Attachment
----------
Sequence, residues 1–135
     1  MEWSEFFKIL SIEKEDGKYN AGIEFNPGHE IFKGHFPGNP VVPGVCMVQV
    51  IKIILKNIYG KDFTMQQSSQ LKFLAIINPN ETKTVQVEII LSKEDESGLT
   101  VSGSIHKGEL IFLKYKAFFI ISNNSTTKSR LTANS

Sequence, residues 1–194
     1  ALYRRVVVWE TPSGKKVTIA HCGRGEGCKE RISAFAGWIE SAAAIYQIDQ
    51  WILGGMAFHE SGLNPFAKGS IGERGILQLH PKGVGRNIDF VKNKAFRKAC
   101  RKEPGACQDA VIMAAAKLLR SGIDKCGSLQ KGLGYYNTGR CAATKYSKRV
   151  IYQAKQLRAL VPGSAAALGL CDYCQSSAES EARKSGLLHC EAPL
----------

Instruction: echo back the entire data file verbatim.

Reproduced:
Sequence, residues 1–135
     1  MEWSEFFKIL SIEKEDGKYN AGIEFNPGHE IFKGHFPGNP VVPGVCMVQV
    51  IKIILKNIYG KDFTMQQSSQ LKFLAIINPN ETKTVQVEII LSKEDESGLT
   101  VSGSIHKGEL IFLKYKAFFI ISNNSTTKSR LTANS

Sequence, residues 1–194
     1  ALYRRVVVWE TPSGKKVTIA HCGRGEGCKE RISAFAGWIE SAAAIYQIDQ
    51  WILGGMAFHE SGLNPFAKGS IGERGILQLH PKGVGRNIDF VKNKAFRKAC
   101  RKEPGACQDA VIMAAAKLLR SGIDKCGSLQ KGLGYYNTGR CAATKYSKRV
   151  IYQAKQLRAL VPGSAAALGL CDYCQSSAES EARKSGLLHC EAPL